In our family it was rare for us to have a sit down meal for Christmas Eve. It is really about finger food and sandwiches. There were things that we always had like shrimp cocktail, rumaki, deviled eggs, one or all of my mom’s hot appetizer puffs (chicken, crab, or ham), stuffed celery sticks, black and green pimento stuffed olives, some type of meat sandwiches (usually ham or turkey).
Deviled Eggs
Sometimes new traditions were added when one of us got married and introduced our spouses’ favorite foods or traditions to the mix.  Sure there was apprehension but generally speaking change is good. As an example, while living in Boston my sister and her husband were introduced to a cheese fondue that became a new tradition in her family. My wife's aunt made Swedish meatballs so they were introduced along the way too. Change is good but tradition trumps change. There I go drifting again.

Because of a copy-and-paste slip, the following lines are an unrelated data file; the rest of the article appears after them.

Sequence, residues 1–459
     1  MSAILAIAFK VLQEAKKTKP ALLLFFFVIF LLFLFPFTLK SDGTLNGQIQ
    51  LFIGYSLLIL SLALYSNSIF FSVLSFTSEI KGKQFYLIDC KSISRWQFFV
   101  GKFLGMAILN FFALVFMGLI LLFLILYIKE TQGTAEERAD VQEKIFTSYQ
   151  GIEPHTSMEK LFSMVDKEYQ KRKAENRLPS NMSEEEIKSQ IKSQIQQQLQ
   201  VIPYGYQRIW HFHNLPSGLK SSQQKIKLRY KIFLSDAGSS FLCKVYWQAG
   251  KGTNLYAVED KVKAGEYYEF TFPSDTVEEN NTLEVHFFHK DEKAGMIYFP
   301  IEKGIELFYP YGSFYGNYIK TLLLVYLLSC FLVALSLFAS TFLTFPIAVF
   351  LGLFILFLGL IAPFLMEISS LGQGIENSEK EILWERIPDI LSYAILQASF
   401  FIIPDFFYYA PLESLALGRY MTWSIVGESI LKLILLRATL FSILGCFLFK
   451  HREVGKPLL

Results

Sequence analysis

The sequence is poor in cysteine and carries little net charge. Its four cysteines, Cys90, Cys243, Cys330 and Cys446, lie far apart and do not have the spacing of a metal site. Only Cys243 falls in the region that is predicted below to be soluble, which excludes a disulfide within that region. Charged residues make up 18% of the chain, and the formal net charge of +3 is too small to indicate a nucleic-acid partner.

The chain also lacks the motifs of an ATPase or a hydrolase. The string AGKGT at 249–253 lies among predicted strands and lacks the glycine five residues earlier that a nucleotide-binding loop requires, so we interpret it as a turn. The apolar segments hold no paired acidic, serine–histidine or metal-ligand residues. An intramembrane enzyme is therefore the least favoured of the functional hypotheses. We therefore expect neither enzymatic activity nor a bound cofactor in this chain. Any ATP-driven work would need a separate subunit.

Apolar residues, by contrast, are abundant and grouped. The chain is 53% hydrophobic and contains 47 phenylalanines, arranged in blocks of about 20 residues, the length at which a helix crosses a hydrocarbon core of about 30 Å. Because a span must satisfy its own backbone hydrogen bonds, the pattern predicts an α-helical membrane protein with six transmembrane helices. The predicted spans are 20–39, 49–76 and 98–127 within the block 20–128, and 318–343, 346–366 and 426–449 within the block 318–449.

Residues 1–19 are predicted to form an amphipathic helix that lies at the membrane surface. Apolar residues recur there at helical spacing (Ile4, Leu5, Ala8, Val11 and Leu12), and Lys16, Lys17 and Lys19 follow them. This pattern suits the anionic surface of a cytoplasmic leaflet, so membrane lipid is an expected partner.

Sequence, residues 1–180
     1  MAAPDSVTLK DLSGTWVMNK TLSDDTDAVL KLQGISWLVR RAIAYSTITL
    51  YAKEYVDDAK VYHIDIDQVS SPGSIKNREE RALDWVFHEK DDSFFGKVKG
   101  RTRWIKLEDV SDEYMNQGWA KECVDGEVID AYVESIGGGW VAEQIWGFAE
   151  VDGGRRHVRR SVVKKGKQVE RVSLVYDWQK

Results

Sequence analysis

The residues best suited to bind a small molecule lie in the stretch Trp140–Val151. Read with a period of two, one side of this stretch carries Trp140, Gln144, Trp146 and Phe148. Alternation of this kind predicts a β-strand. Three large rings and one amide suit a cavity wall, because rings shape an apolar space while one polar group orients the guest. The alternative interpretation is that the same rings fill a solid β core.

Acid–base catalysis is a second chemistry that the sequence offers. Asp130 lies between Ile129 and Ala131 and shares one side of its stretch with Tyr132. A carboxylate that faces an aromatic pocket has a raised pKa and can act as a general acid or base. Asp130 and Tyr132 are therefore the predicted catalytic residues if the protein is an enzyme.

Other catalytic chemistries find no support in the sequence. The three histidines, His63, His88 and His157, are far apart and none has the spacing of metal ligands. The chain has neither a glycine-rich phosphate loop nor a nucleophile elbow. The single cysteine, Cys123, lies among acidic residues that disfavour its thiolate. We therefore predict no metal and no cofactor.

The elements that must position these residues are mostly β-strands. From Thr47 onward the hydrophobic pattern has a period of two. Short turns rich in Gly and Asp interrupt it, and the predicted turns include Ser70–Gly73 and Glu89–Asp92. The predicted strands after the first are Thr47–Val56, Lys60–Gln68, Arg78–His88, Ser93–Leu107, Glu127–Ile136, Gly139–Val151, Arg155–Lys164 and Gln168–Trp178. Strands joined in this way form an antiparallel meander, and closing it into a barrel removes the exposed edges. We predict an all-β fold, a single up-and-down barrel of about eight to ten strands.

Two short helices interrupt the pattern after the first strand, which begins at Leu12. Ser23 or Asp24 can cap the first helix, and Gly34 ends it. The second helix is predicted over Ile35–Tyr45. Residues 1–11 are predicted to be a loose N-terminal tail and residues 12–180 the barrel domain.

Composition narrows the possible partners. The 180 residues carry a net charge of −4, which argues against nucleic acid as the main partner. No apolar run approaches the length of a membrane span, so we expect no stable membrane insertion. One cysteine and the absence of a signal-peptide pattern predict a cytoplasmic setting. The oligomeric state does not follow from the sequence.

In addition to the cheese fondue, my sister brought a box of Fannie May Mint Meltaway's, another family tradition.

My niece had decorated her home so that it was warm and inviting. Her main menu item was Italian beef, Italian bread, sweet peppers, jardiniere, and a whole pot of au jus. 

Another of my niece's made hot chicken appetizer puffs just like her Grandmother did for all of those years before. When trying these I couldn't help but think Mom was guiding her.
Chicken Puffs
My niece that was hosting the party really jumped the curb and went off the road to tradition by introducing a high-tech chocolate fountain and assortment of fruit to coat, marshmallows and graham crackers. This was an entertaining diversion, especially for the children and some of the grown-ups too.